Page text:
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First Nations Health Authority and BC Cancer Launch New Cancer Screening Campaign

BC Cancer and the First Nations Health Authority (FNHA) have partnered to launch a province-wide cancer screening promotion campaign.
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​BC Cancer is partnering with the First Nations Health Authority (FNHA) to launch a province-wide cancer screening promotion campaign. The campaign was made possible with generous funding support from the Canadian Partnership Against Cancer (CPAC).

The purpose of the campaign is to increase knowledge about BC Cancer's screening services for breast, cervical, colon and lung cancer, and focuses on who is eligible for these screening services and how to access them. By increasing awareness about existing services, the campaign aims to improve regular access to cancer screening services for First Nations, Métis and Inuit people living in British Columbia (BC). Regular access to cancer screening can help detect cancer earlier, and may lead to better health outcomes.

The campaign features health leaders who share information about cancer screening to empower and support individuals in taking control of their own wellness journey. It encourages people to get screened as early as possible and points to the connections between individual and community wellness through the campaign slogans: Honour Yourself, Honour Your Family, Honour Your Community and Honour Your Ancestors. Screen regularly for cancer as a part of your wellness. Early detection can save your life.​

​“Early detection is a major factor in increased cancer survival rates. For this reason it is important that First Nations people stay up to date with age-appropriate cancer screenings, including for breast, colon, cervical, prostate, and lung cancer. You should make an appointment with your primary care provider if you have any sign or symptom that is new, different, troubling you, continues to worsen, and/or is not going away". ​
Dr. Nel Wieman, Acting Chief Medical Officer, FNHA​​​
Cancer trends for First Nations People in BC

Cancer affects everyone, whether as a patient, as a survivor or knowing someone with a diagnosis.

Rates of certain types of cancer such as colon and cervical cancer are significantly higher for First Nations people in BC than other residents. For many types of cancer early detection can lead to better health outcomes. There are a number of efforts underway to improve access to primary health care for First Nations in BC, including the establishment of new primary care centres and efforts to improve safety in health care. Over time, it is expected that these efforts will help to improve cancer screening rates and health outcomes for First Nations people in BC.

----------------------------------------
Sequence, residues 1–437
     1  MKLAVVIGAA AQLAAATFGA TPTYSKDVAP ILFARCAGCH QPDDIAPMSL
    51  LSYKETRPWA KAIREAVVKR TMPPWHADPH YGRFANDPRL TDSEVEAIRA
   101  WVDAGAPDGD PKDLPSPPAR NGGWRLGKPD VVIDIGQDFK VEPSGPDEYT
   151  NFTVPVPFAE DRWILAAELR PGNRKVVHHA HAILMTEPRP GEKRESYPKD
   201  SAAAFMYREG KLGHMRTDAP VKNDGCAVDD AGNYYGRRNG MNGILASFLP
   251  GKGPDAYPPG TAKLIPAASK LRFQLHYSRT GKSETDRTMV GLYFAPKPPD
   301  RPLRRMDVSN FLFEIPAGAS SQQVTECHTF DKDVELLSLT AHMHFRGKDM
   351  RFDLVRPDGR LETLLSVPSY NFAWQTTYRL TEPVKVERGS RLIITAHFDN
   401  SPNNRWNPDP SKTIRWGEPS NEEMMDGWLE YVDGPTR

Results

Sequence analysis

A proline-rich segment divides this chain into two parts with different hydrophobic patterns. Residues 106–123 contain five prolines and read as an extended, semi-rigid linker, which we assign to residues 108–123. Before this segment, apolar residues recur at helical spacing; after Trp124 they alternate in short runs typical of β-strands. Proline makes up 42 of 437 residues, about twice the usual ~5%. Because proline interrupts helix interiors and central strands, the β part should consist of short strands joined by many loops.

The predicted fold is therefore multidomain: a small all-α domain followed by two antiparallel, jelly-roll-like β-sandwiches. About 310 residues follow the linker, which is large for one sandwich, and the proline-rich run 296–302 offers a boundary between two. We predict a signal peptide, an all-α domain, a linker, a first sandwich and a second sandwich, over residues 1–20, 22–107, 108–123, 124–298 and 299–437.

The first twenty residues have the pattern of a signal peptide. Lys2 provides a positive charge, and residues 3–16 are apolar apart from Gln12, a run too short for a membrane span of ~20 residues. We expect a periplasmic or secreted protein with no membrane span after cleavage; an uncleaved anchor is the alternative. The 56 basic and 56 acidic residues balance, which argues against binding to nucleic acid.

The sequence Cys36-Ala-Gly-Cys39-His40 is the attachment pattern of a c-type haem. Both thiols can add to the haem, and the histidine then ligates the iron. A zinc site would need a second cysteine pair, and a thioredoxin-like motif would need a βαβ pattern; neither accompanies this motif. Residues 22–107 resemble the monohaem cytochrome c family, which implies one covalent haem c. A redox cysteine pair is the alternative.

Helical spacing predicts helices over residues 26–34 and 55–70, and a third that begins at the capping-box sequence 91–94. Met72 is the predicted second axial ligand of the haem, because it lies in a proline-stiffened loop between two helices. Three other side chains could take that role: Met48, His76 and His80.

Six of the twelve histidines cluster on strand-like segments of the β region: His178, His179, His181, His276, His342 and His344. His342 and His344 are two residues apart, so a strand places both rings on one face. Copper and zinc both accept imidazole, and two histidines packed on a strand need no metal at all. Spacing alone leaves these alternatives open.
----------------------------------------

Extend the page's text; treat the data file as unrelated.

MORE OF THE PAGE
“Some of our initial surveillance findings show that screening participation is lower for First Nations when compared to other BC residents. We know that early detection through screening increases the chance of survival and can save lives. This campaign is about how screening is not just about your own health, it's for our children, our families and our communities and is something we should encourage and support each other to do".
Warren Clarmont, Provincial Director, Indigenous Cancer Control, BC Cancer

Trends in screening rates and cancer diagnoses provide insight into the health of First Nations people across BC and help to inform decisions and strategies that better meet the needs of First Nations people. 

The FNHA's partnership with BC Cancer

This campaign is a part of broader ongoing partnership work between the FNHA and BC Cancer. Both organizations continue to work towards the goals and objectives of the provincial Indigenous cancer strategy in BC, Improving Indigenous Cancer Journeys in BC: A Road Map. In addition to this campaign work, the FNHA and BC Cancer are working on a number of different initiatives together with the aim that First Nations, Métis and Inuit community members in BC receive better health service and experience better health care outcomes.

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SOURCE: First Nations Health Authority and BC Cancer Launch New Cancer Screening Campaign ( )
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